For Americans, Independence Day is fast approaching.
As fun as the fireworks are, what we’re really celebrating on the 4th of July is the birth of a nation—establishing the United States of America as its own country with its own laws (and taxes).
The story of how our countries came to part ways is foundational to America’s history as a whole. Luckily, there are museums all over documenting and celebrating this history, making for a perfect stop on any student travel itinerary.
Independence National Historic Park
Independence National Historic Park is a section of Philadelphia that “represents the founding democracy, including Independence Hall and the Liberty Bell.”
Independence Hall is where the Declaration of Independence and U.S. Constitution were both signed, making it one of the most important visits for a history enthusiast. See The Assembly Room where they were signed, the courtroom of the Pennsylvania Supreme Court, the Governor’s Council Chamber and more.
There’s also the Liberty Bell, a powerful symbol of freedom and the fight for equality.
Then, head to the National Constitution Center, a super hands-on museum with an interactive Constitution. Book a day with a Constitutional Ambassador to get a full day of education, including a theater performance! You’ll discuss what the important document protects, how it shapes our lives and how changes like Amendments have come about.
The next day, check out the nearby Museum of the American Revolution. This museum dives deep into the history of the Revolutionary War, with exhibits covering entire battles, interactive features, and a huge collection of historic art and objects.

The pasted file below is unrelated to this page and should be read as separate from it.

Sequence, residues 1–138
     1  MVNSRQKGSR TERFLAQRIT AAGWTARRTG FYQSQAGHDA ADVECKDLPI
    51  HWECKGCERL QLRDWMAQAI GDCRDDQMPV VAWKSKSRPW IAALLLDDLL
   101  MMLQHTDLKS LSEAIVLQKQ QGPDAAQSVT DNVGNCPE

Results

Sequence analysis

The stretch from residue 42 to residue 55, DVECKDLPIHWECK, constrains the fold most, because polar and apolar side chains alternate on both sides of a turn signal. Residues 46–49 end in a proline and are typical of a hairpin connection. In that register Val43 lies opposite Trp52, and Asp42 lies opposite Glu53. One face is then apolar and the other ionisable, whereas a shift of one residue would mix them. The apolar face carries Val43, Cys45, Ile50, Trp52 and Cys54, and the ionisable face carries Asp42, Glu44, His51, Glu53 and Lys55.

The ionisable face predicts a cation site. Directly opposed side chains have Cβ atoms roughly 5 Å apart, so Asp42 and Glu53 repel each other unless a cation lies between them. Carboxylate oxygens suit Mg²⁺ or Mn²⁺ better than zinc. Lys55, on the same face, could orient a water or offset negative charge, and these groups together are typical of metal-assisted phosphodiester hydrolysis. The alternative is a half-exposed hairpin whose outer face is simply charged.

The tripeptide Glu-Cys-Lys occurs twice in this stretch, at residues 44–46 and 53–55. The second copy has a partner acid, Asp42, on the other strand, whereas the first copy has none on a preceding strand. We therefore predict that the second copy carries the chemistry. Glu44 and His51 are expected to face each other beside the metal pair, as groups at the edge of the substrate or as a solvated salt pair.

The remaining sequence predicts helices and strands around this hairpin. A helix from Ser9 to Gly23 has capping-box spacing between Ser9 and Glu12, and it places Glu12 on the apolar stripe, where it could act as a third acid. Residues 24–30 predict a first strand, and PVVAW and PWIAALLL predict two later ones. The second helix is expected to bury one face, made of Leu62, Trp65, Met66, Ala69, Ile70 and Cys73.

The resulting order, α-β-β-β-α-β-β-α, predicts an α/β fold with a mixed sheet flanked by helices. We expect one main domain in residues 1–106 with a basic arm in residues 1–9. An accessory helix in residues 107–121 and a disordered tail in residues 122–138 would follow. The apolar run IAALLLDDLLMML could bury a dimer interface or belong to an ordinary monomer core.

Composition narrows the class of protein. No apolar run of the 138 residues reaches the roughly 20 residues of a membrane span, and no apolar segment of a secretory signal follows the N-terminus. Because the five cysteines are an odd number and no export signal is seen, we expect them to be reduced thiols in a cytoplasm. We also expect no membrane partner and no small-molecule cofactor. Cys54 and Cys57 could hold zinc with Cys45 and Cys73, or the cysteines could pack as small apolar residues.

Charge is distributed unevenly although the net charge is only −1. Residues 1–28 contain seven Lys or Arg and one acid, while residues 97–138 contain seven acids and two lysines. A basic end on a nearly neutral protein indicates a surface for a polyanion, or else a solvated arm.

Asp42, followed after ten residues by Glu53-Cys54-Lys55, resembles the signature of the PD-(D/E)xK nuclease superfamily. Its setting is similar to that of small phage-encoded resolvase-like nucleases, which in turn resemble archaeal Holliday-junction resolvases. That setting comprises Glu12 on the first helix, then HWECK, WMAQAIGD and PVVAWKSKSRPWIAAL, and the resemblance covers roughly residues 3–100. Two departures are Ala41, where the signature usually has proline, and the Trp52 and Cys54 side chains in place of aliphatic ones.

American Independence Museum
Exeter, New Hampshire
This historic house museum includes two buildings, the Ladd-Gilman House and the Folsom Tavern. The museum opened after an electrician discovered the original publication of the Declaration of Independence, a Dunlap Broadside. Both buildings are full of history and focus on the Revolutionary War and how the people of Exeter played a role.
Boston National Historical Park
Boston’s history park includes eight sites, most of which are connected by the Freedom Trail, a historic walking tour of Boston. The Bunker Hill Monument, Charlestown Navy Yard, Dorchester Heights, Old North Church and more all played a huge part in America’s success during the revolution there. See where Paul Revere lived, where he lit the signal lanterns and more.
American Revolution Museum
This museum in Yorktown “tells the story of the nation’s founding, from the twilight of the colonial period to the dawn of the Constitution and beyond.” Dynamic gallery exhibits, films, living-history areas and more all explore every aspect of America’s creation.
The Jamestown Settlement is here as well, offering the experience of America’s first permanent English colony.
National Archives Museum
If you want to see the actual Declaration of Independence, the Constitution and the Bill of Rights, you need to head to the National Archives Museum. The rotunda is open for viewing most days, with exhibits, tours and events to return when COVID has died down.
This city may not have all the museums of Philadelphia and Washington, D.C., but it is name after the Declaration of Independence! That alone is a good enough excuse to visit, but you can also see plenty of history, especially surrounding the life of President Truman.
Written by Josh Veal, staff writer for Teach & Travel.